KAREN LILLIS is the author of four books of fiction, most recently Watch the Doors as They Close (Spuyten Duyvil Novella Series, 2012). A small press librarian, Karen writes about the small press scene and independent bookstores at her blog, “Karen the Small Press Librarian.” Her father is a physician and a comedian. He mostly treats the elderly and the poor and specializes in heart and lung problems. Many of his routines begin: “So, this guy comes into my office…”

 

V.P. LOGGINS is the author of The Fourth Paradise (Main Street Rag 2010) as well as a critical book on Shakespeare. His work has appeared in The Baltimore Review, Cæsura, The Dalhousie Review, English Journal, The Formalist, The Healing Muse, Memoir (and), Poet Lore, Slipstream and The Southern Review. After World War II his father, playing what was then called semi-pro baseball, got a base hit off a barnstorming Satchel Paige who often preached “Just take the ball and throw it where you want to. Throw strikes. Home plate doesn’t move.”

 

LESLIE F. MILLER is the author of Let Me Eat Cake: A Celebration of Flour, Sugar, Butter, Eggs, Vanilla, Baking Powder, and a Pinch of Salt, and the chapbook, BOYGIRLBOYGIRL (Finishing Line Press, 2012).  Her work has appeared in Gargoyle, Kit-cat Review, Main Street Rag, Baltimore Review, and other journals. Leslie’s father, Harvey, who passed away last July, was a professional fixer—parking lots, roads, properties. But he was most passionate about fixing his daughters’ problems.  Leslie had a few.

 

EDWARD O'DWYER’s poems have appeared in Poetry Ireland Review, Southword, Agenda, Weyfarers, Danse Macabre, A Hudson View Poetry Digest, and Tinteán. He was selected in 2010 by Poetry Ireland for their Introductions Series. The Limerick native’s first poetry collection, A Love Poem Mostly for You, is mostly forthcoming from Salmon Press. Both retired now, his mother worked all of her life in food service, while his father gave many of his working years to the bread company Irish Pride.

 

  SANDRA RAMIREZ was raised in Santa Monica, California, next to a Shell gas station that is no longer there. The eldest daughter of Manuela and Gilberto, she rode skateboards and waves, shot hoops and pool, and once skipped a high school class to drive to San Francisco because it was a nice day to do so. In 2007, she received the Emerging Voices Fellowship from PEN Center USA. Her work has appeared in the anthology Strange Cargo.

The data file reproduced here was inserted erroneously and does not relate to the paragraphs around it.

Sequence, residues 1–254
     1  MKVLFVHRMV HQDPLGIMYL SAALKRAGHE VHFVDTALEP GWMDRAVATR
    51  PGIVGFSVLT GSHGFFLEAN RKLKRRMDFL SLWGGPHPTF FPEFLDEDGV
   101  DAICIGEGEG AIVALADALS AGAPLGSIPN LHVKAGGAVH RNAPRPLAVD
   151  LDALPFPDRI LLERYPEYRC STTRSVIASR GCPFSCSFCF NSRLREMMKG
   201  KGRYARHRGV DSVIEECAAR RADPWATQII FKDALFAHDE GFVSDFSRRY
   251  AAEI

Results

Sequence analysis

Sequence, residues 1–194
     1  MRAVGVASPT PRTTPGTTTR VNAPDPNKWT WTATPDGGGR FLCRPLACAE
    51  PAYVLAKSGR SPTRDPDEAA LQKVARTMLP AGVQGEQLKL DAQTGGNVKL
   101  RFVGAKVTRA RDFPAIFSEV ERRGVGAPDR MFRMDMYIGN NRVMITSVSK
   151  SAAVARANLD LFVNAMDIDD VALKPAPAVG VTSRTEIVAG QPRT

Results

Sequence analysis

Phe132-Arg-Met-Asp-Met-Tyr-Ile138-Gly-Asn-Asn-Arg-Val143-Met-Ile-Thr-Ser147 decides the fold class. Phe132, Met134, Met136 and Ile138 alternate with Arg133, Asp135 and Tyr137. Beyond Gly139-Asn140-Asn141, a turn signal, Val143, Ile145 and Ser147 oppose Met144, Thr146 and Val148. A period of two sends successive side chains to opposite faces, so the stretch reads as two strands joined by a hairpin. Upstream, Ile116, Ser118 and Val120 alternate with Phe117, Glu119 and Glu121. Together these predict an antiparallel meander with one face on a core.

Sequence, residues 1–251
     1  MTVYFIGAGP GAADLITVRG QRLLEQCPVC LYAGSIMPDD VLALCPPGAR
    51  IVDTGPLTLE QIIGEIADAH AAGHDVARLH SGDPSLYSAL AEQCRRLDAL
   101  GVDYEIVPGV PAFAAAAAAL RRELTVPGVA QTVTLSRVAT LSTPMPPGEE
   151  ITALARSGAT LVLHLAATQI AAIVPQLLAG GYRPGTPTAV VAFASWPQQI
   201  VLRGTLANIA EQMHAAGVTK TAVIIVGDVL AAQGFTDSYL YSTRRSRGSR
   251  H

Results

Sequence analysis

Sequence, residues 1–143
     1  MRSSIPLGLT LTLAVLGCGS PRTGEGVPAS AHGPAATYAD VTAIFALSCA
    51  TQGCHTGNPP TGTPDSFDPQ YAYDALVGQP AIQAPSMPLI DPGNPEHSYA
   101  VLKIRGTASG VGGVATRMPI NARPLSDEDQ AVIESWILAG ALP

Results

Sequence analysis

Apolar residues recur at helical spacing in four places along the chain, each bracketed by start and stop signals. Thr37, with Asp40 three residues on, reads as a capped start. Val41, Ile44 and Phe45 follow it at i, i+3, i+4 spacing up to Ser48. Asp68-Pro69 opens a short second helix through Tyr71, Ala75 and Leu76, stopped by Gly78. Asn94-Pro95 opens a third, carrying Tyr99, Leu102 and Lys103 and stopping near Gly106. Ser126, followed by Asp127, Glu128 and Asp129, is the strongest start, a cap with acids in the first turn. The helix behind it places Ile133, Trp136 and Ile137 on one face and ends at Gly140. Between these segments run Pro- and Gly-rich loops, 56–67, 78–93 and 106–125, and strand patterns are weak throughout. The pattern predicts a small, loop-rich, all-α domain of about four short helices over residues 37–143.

MICHAEL RATCLIFFE lives and along the boundary between the Baltimore and Washington suburbs. His poems have appeared in You Are Here: The Journal of Creative Geography, Do Not Look At The Sun, Symmetry Pebbles, Loch Raven Review, and Little Patuxent Review. Michael’s father, Roger, was a research entomologist who finished out his career producing wheat that tasted bad to Hessian fly larvae. Ew.

 

ALAN C. REESE is the author of the chapbook Reports from Shadowland. His work has appeared in many publications including Smartish Pace, Gargoyle, The Baltimore Sun, Maryland Poetry Review, Potomac Review, Delaware Review, Welter, Grub Street, Attic, Bicycle Review, Danse Macabre, and the Loch Raven Review. His dad, Carroll, served in the Navy and worked in a steel yard after the war, catching hot rivets in East Baltimore.

 

JOSEPH ROSS is the author of two collections of poetry: Meeting Bone Man (Main Street Rag, 2012) and Gospel of Dust (Main Street Rag, 2013). His poems have appeared in Collective Brightness: LGBTIQ Poets on Faith, Religion and Spirituality, Poet Lore, Tidal Basin Review, Beltway Poetry Quarterly and Words. Beats. Life: The Global Journal of Hip-Hop Culture. In 2007, he co-edited Cut Loose the Body: An Anthology of Poems on Torture and Fernando Botero’s Abu Ghraib.

 

MICHAEL SALCMAN is the author of two poetry collections, most recently The Enemy of Good Is Better (Orchises, 2011). His poems can be scanned in Alaska Quarterly ReviewThe Hudson Review, The Hopkins ReviewNew LettersOntario Review, and New York Quarterly. When not writing poems, Michael performs surgery on brains. He served many years as Chairman of Neurosurgery at the University of Maryland, and as president of the Contemporary Museum in Baltimore. No doubt the “spaghetti stains” on his hospital tunic conjure Jackson Pollock. Michael lectures often about the history of contemporary art, as well as the brain—how it got its shape, the various glands, and amygdala gone awry.